Sunday, June 5, 2011

Me You and Everone We Know (2005): review: 10/10

A shoe-seller is separated: he has two children and they move into a suburb. The children communicate on the internet with strangers. The shoe-seller becomes the love-object of  curly headed, kind hearted, frumpy artist. The artist sends her work to a severe woman who runs a contemporary art gallery: she is most amusingly portrayed. The characters evolve and cross.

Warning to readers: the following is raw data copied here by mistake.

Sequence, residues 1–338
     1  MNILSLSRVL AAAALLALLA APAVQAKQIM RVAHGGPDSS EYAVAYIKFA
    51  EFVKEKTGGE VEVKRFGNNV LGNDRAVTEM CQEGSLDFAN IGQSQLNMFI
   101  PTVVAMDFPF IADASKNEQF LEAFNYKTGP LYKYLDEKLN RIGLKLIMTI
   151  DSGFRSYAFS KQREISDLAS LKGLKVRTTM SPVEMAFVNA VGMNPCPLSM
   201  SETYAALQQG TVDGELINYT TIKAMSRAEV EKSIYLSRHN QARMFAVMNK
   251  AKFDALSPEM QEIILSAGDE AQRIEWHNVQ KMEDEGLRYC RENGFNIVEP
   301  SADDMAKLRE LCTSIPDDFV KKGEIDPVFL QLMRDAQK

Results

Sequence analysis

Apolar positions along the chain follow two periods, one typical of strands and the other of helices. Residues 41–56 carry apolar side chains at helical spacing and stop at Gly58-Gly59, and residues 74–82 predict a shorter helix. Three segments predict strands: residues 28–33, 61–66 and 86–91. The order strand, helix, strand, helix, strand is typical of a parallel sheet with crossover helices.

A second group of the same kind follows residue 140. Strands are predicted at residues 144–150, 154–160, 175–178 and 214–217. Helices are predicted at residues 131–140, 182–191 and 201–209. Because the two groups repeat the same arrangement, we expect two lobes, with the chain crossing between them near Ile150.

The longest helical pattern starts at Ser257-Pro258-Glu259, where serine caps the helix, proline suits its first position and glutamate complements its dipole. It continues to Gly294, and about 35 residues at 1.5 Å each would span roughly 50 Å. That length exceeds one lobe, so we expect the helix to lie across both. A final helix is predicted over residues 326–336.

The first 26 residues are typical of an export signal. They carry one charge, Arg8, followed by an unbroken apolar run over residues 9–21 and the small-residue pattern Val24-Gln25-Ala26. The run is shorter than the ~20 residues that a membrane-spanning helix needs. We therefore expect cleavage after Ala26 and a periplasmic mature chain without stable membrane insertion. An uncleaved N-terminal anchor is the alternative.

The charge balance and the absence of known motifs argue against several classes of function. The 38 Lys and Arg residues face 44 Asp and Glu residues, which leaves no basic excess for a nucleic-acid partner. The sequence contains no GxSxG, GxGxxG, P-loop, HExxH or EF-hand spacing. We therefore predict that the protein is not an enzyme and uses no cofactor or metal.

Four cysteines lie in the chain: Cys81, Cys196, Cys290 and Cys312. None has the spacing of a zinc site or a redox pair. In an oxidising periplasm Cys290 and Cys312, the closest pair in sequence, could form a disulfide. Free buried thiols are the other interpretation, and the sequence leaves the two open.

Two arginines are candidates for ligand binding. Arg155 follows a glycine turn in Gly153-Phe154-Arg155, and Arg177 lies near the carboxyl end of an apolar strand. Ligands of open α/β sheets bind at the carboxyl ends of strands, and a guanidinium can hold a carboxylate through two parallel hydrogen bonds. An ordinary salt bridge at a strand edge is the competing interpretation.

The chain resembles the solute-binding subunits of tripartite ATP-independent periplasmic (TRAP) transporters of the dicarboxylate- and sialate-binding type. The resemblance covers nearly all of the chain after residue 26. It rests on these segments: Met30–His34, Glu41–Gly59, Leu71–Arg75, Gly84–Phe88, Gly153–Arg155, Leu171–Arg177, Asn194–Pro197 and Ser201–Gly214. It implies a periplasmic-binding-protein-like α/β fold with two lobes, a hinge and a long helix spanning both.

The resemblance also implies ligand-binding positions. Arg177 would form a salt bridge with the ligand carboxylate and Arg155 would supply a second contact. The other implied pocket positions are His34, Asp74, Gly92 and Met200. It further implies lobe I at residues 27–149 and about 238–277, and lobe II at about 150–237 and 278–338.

The film contains many splendidly directed vignettes, tightly observed and often hovering strangely on an edge between comedy and pathos. They effectively describe a sort of boredom,  like a sense of strained anticipation that is familiar in suburbs. The characters are viewed with both compassion and humour: they are very nearly treated sentimentally, but there is a sense in the film throughout of the potential for violence and cruelty in human relationships that lends each scene vitality.

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